High confinement regimes are necessary for high fusion gain in ITER and in compact fusion pilot plants. These regimes are characterized by stabilization of plasma turbulence and radial shear of the plasma flow near the pedestal. The increased plasma confinement associated with the high-confinement operating mode, called the “H-mode,” occurs when the plasma shear flow is self-generated near the edge pedestal region. How the turbulence suppression and plasma confinement properties scale with decreasing ρ* is an important question to answer at the scale of a fusion power plant. Because the plasma flow shear stabilization takes place across a region which scales with the turbulent eddy size, there is no significant ρ* scaling of the pedestal width in front-propagation paradigm. To date, observations on existing devices in carefully controlled dimensionless experiments have found no significant ρ* scaling of the pedestal width.43 However, it remains to be learned whether ρ* physics may enter at very small ρ* values which may impact the pedestal pressure in ITER and other future fusion power devices. Ongoing model tests on existing devices,44,45 particularly at higher field, can shed light on this and further extend comparisons such as that shown in Figure 2.2(b). Detailed testing of physics models in the early stages of ITER operation should improve understanding before entering the burning plasma phase of ITER. The role of direct fueling by neutrals in determining the pedestal density and density profile also plays an important role. An ongoing series of high-density experiments on DIII-D is currently exploring this physics, and experiments on ITER will provide critical data.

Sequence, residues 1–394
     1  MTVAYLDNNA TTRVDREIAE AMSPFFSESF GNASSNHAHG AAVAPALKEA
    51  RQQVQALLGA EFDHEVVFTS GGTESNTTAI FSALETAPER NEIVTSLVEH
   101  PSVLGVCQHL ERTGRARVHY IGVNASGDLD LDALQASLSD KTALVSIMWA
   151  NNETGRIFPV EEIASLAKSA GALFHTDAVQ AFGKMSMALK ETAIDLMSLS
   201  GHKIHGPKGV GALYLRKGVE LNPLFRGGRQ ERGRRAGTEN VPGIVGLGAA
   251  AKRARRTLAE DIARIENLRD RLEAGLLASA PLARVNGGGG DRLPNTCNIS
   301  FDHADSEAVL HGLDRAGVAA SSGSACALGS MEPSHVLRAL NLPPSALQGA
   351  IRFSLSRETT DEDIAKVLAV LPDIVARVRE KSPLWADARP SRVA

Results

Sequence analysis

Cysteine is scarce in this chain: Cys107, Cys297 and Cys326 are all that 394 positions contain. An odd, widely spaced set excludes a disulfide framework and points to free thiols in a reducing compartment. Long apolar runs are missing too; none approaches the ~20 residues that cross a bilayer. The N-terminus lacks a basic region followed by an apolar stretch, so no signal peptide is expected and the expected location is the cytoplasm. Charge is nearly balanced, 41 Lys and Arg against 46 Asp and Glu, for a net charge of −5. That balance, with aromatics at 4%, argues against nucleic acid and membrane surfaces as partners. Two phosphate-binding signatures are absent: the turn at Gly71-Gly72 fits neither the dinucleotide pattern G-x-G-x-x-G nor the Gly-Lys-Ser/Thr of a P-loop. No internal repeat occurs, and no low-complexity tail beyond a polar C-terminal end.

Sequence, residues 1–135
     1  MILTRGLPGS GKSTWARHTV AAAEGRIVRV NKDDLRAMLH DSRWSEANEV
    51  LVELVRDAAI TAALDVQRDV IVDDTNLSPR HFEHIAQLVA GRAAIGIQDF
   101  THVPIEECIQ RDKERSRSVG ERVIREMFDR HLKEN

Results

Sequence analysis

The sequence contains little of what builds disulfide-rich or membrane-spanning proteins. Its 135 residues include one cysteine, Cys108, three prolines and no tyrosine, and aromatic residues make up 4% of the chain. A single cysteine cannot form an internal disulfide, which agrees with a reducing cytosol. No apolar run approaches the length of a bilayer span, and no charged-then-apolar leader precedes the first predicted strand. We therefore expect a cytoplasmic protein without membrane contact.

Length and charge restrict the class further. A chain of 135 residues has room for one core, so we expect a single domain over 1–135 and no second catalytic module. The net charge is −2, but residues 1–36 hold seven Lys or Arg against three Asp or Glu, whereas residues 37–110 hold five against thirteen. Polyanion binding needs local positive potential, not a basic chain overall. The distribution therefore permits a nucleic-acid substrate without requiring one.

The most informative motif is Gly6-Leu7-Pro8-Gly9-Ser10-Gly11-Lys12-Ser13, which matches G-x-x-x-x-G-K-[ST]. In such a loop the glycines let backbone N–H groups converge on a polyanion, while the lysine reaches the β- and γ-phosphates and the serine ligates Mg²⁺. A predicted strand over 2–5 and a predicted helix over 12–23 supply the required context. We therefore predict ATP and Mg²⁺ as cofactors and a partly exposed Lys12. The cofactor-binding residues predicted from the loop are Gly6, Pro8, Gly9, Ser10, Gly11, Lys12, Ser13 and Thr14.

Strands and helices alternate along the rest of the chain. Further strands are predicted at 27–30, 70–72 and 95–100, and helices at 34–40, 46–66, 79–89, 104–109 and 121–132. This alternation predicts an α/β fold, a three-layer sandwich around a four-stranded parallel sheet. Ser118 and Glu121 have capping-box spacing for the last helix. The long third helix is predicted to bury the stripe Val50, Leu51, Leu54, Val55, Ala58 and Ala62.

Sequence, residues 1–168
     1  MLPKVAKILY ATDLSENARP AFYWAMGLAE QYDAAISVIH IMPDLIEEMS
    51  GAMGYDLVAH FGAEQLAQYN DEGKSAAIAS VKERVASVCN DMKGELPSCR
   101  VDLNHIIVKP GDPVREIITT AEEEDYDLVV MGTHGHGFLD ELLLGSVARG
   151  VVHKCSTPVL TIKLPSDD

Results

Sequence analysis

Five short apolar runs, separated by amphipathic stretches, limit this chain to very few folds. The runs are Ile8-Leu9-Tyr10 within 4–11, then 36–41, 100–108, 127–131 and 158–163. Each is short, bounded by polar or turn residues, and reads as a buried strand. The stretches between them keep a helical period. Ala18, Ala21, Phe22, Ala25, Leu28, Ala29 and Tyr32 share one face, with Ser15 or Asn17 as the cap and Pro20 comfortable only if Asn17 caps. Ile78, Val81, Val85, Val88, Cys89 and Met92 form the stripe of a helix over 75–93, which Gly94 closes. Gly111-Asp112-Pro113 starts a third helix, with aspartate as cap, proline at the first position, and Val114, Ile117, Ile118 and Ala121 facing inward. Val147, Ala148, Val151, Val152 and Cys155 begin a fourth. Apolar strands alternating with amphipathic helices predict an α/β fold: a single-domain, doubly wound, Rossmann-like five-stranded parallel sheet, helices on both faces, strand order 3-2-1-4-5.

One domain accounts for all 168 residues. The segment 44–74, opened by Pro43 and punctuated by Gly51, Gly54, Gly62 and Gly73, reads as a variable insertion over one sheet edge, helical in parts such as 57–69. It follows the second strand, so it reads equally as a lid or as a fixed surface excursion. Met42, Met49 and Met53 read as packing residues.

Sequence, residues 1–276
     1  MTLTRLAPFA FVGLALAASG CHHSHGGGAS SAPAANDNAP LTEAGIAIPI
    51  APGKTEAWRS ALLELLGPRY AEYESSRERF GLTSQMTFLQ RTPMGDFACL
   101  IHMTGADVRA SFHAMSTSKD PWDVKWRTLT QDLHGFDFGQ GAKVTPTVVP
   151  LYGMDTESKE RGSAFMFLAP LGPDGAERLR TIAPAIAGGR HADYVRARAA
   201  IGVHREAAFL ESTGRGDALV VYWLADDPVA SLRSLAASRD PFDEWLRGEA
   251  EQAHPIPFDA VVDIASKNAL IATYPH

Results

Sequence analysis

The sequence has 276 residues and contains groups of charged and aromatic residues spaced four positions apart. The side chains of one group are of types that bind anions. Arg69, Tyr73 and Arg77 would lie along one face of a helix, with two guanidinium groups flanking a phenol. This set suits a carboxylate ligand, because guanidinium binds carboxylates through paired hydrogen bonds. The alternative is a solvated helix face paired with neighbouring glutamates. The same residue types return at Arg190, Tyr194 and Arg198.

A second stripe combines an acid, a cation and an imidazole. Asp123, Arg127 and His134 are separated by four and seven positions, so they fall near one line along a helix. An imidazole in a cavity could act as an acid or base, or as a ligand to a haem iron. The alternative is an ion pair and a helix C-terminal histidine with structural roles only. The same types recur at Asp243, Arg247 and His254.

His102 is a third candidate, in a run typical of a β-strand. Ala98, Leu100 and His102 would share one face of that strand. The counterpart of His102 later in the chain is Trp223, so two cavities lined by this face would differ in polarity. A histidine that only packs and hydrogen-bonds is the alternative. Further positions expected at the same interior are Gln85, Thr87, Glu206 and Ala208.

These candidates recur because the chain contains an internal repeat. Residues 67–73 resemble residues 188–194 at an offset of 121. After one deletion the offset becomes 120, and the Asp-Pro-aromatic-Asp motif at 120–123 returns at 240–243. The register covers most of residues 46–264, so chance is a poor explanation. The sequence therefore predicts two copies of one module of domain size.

Predicting the L-H Transition
The physics associated with the initial formation of the edge transport barrier (known as the “low-to-high” or L-H transition) remains poorly understood. Empirical scaling of the heating power required for the transition suggests high power will be needed in an ITER-scale device because the needed L-H power is observed to increase strongly with magnetic field, density, and plasma surface area at an aspect ratio of A ~ 3. Being able to predict the L-H power threshold precisely is important for development of high-performance scenarios on ITER. Both the empirical scaling and some proposed physics models, such as those that include the role of ion orbit loss,46 suggest ρ* scaling. In addition, changes in fueling and
recycling, such as divertor leg length, have been observed to affect the L-H transition, suggesting a role for neutral penetration physics. Results from NSTX suggest a possible collisionality dependence. Three-dimensional (3D) fields, such as those ITER plans to use to control ELMs, also are known to impact the L-H transition. Ongoing studies on existing devices such as DIII-D and NSTX-U can further explore the role of geometry, fueling and 3D fields on the L-H transition. The early operation phase of ITER, including operation at reduced field to reduce the L-H threshold power, will provide valuable data to further develop physics understanding, and burning plasma experiments on ITER will address L-H transition physics at high power density and reactor-like physics parameters.
Understanding the Plasma Power Exhaust Width